REINVENTING BISLERICase code- MKTG-20Published-2002"Old cola rivals Coke and Pepsi are discovering there is more money in water than coloured water.Things are warming up in the Rs 10 billion bottled-drinking water market and competitors, includingParles Ramesh Chauhan, face the threat of a whitewash.""In the early 1990s, the branded mineral water industry was worth Rs 3 billion, producing around 95million litres in 1992. Parle Bisleris Bisleri brand launched in 1971, was the leader with 70% marketshare. After 1993, the branded mineral water industry saw some hectic activity. On an average,every three months, a new brand was launched and another died. In the late 1990s, manyinternational brands were planning to enter the branded mineral water market.According to some analysts, the main reason for the boom in branded water was the fact thatpeople were becoming more health and hygiene conscious. Branded mineral water which sold inonly 60 towns in 1993, was available in 250 towns in 1997. In 1998, Bisleris market share camedown to 60%, while Parle Agros Bailley3 had 20%. The remaining 20% was shared by regionalplayers.BISLERI FEELS THE HEATIn 1998, the branded mineral water market had grown to a 424 million litre business, valued at Rs4 billion2. There were 200 brands available in the country. In their bid to garner greater marketshare, many companies, including Parle Bisleri tried to make quality and the purification processesthey used their unique selling proposition (USP).In 2000, the branded water market had grown to Rs 7 billion. New players like Pepsis Aquafina,Coca-Colas Kinley and Nestles Pure Life entered the market. The market was segmented intopremium, popular and bulk segments (Refer Table I for the price range in different segments). Thepremium segment was the least crowded with just four brands: French transnational-DanonesEvian and Ferrarelle and Nestles Perrier and San Pellagrino. The popular segment was where mostof the action was. Bisleri, Bailley, Aquafina, and Kinley were some of the dominant brands in thissegment. In the bulk segment (5, 12 & 20 litres), Bisleri was a major player with Kinley andAquafina staying out of this segment.SEGMENT COMPANY BRAND PACKS PRICE (Rs) 250 ml 3 Parle Bisleri Bisleri 500 ml 5 1.2 litres 12Popular 330 ml 3.5 Parle Agro Bailley 500 ml 5 750 ml 10 Pepsi Aquafina 1 litre 11 Coca Cola Kinley 1 litre 10Bulk Parle Bisleri Bisleri 5 litres 25 Parle Bisleri Bisleri 20 litres 60 330 ml 55 Nestle PerrierPremium 750 ml 90 Danone Evian 1 litre 85Source: ICMR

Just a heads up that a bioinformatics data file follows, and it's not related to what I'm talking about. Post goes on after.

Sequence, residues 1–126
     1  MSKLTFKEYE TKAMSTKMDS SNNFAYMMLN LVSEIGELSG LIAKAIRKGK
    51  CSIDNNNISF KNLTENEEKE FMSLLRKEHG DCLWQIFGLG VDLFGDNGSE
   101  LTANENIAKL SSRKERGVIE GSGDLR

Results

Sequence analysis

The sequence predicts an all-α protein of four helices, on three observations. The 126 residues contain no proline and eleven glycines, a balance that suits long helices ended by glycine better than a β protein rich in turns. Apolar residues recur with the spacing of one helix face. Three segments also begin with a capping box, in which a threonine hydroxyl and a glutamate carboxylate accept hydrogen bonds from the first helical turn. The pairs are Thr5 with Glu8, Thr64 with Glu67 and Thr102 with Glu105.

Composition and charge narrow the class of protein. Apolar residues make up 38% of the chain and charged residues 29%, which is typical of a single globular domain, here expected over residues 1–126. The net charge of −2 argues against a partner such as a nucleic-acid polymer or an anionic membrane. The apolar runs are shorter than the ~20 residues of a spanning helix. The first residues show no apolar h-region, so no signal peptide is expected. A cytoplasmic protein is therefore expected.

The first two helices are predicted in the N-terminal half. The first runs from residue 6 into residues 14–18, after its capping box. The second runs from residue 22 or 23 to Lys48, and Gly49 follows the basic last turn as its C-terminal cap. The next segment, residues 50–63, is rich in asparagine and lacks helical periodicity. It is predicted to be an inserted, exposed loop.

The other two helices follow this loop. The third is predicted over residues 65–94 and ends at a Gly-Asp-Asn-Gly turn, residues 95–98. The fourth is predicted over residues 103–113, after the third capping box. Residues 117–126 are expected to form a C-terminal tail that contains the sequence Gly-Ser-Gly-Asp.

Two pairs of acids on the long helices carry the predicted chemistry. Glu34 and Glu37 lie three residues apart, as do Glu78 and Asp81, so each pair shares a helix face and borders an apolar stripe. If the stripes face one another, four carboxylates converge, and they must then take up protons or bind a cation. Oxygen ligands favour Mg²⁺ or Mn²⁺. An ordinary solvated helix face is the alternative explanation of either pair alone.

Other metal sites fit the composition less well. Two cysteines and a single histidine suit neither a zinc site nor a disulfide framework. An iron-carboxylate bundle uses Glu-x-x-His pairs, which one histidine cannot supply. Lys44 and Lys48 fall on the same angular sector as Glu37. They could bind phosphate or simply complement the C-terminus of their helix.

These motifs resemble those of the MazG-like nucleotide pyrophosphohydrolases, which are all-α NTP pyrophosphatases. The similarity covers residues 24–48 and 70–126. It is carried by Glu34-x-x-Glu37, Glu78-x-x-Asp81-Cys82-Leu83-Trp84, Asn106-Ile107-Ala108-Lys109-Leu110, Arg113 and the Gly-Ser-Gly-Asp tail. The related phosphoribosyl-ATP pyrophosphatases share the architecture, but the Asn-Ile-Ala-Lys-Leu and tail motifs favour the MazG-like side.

As product differentiation on the basis of quality became increasingly difficult, with each companyclaiming that its brand was safe and pure, companies began to use packaging to differentiate theirproducts. Bisleri introduced a tamper proof seal in the 500 ml bottle. However, analysts felt thatBisleris efforts to reinforce its pure and safe image with a tamper proof seal may not be all thateffective as competitors also had similar tamper proof sealed bottles. They felt that it wascompanies with strong distribution channels that would do well in the long run. Pepsis Aquafina wasstrongly placed because it had the backing of Pepsis distribution network in the country.In August 2000, Coca-Cola India launched its bottled water brand, Kinley. Some analysts said that itwould be difficult for Kinley to make a dent in the branded water market in India because it wasalready overcrowded and highly competitive. Commenting on Kinleys launch, Ramesh Chauhan(Chauhan), CEO of Parle Bisleri Ltd said, "It will be tough for anyone to beat us in this game. Wewill remain market leaders4."By 2001, the mineral water market was worth Rs 10 billion and was growing at the rate of 40% ayear. Kinley and Aquafina made inroads into the market and by March 2001, Kinley had a 10%market share, Aquafina had 4% and the share of Bisleri had come down to 51%. By June 2001,Bisleris market share was 47% and Aquafina and Kinley together accounted for over a third of themarket.In 2001, both Kinley and Aquafina were making huge investments in bottling plants anddistribution. By 2002, Coca-Cola India planned to double the number of water bottling plants to 16and Pepsi announced that it would add seven more plants to the existing five. In contrast, Bislerihad only 15 bottling plants and three franchisees. Kinley had 500,000 outlets compared to Bisleris350,000. Analysts felt that Kinley and Aquafina had an edge over Bisleri because of their strongdistribution network.However, one area in which Bisleri seemed to have an advantage over Kinley and Aquafina was thebulk segment. In 2000 Bisleris 5 and 20 litres packs accounted for 20% of its sales. In 2001, thecompany planned to have 75% of its sales from bulk packs of 5 and 20 litres.According to analysts the bulk segment had vast potential, and was expected to grow fast. In 2000,40% of the branded water consumption was in eateries, homes and restaurants. Large shops andcommercial complexes were fast emerging as attractive targets for mineral water marketers andBisleri wanted to be the first to establish itself in the bulk pack segment.Bisleri reportedly wanted to focus on the bulk segment because Pepsi and Coca-Cola seemed to bestrong in the retail segment and would take some time to strengthen their presence in the bulksegment. Said Vibha Paul Rishi, executive director (marketing), of Pepsi, "The bulk segment is notour core strength, so we would like to confine Aquafina to the retail segment for the time being." Tostrengthen its presence in the bulk segment, Bisleri was investing heavily on marketing anddistribution.According to some analysts the competition between Pepsi and Coca-Cola in India would shift tobranded mineral water. With the cola market having remained stagnant for the past few years, thebranded water market, with 40% growth would be an attractive option for these companies. Coca-Cola planned to invest Rs 700-750 million in its water business by 2005 and Pepsi around Rs 800million to Rs 1 billion. In 2001, Kinley contributed 5% to Coca-Colas revenues in India and Pepsiclaimed that by 2002, Aquafina would contribute 7% of Pepsis revenues in India.FROM "PURE AND SAFE" TO "PLAY SAFE"In the late 1990s, Parle Bisleri launched an ad campaign to create a distinct brand image-There isjust one Bisleri. Hoardings and point-of-sale promotion material backed an aggressive print-and-TVcampaign, and every interaction with the consumer was used as an opportunity to reinforce themessage that Bisleri was "pure and safe."The entire campaign was built around the tamper proof seals. The campaign focused on the safetyprovided by the "breakaway" seal, by illustrating the ease with which conventionally sealed bottlescould be refilled and recycled. Said Ashok Kurien, CEO, Ambience DArcy, Bisleris ad agency, "Ourobjective with the campaign was to highlight the tamper-proof seal and create doubt in the